Check in time begins at 4pm daily. A check-in process is completed to ensure the safety of all the guests that seek shelter in our building. Items that must be turned in and kept in a secure area overnight are: cell phones, cigarettes, lighters, matches and any weapons. Vapes (including e-cigarettes) are not allowed on Boise Rescue Mission Properties. All of these items have to do with safety and ensuring confidentiality of all our guests.

Personal belongings are limited and guests will be asked to either turn belongings in to a secure location each night, keep items that are approved to be in the building in a tote assigned for their use, or put in a long-term storage option. We do provide all bedding and clean towels for showering each night. The sleeping arrangements are in a dorm style setting in a variety of different size dorms. The building is closed for a majority of services between 8am-4pm with the exception of extreme cold/hot weather, connections with case managers that work the day time hours, and other case by case situations.

We do our best to establish trust and provide support to the guests. Understanding that all our guests are unique individuals who have circumstance, either by their own choices or not, that have created at the very least instability and a traumatic experience of being without a home. We strive to use trauma-informed care in interacting so as to meet our guests where they are at while supporting and encouraging them to reach their goals.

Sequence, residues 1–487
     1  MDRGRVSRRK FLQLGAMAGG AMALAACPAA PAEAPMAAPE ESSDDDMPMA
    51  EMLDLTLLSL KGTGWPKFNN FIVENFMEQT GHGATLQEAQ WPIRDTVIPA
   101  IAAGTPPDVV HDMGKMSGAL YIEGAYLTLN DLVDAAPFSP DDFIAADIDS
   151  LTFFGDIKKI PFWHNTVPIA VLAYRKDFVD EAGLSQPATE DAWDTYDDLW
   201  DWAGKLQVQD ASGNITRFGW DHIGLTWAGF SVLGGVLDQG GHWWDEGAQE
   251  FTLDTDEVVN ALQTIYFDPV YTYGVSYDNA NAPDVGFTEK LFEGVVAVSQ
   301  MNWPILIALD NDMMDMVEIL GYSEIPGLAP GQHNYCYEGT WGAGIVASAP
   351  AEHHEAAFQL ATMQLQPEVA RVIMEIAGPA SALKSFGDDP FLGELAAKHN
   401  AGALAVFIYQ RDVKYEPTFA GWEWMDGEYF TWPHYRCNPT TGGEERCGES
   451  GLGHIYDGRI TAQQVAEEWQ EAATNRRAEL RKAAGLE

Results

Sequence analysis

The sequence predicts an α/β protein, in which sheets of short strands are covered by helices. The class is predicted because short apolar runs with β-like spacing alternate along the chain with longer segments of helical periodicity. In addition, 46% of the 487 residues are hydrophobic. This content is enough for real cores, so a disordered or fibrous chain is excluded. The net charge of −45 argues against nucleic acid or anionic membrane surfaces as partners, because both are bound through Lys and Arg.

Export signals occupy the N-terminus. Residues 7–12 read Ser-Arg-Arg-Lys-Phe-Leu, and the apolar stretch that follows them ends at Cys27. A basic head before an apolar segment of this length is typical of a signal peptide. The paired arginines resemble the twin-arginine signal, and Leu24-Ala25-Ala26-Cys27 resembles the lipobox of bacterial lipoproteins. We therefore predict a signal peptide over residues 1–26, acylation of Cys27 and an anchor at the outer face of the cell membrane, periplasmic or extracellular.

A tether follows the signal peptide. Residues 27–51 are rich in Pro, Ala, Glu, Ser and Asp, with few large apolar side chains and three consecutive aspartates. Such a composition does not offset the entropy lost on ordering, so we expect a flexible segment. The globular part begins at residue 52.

Working with women and children who are homeless – some lessons we’ve learned in the last 20 years:

Many people experiencing homelessness have a variety of experiences that lead to where they no longer have a stable home for themselves and their children. Being a friend to someone who is or who has experienced homelessness presents a unique challenge. Here is what we have learned along the way:

  • Money is not the long-term solution: Giving money to someone struggling may assist in providing a short-term solution but it does not give a person the tools to provide for themselves or their family in the future.
  • Survival mode: Many people are just trying to get through from one day to the next. When a person or family has experienced trauma, they are often focusing on what will keep them safe and what will get them through that moment. Until they feel safe and their basic needs of shelter and food, long-term planning or even thinking of how an action taken right now will affect their lives in the future is hard to do. Brain functions shut down. They are just struggling to get through the now. Helping someone to take small steps to feel safe and learn how to make those decisions helps them in the long-run to choose better things for their family.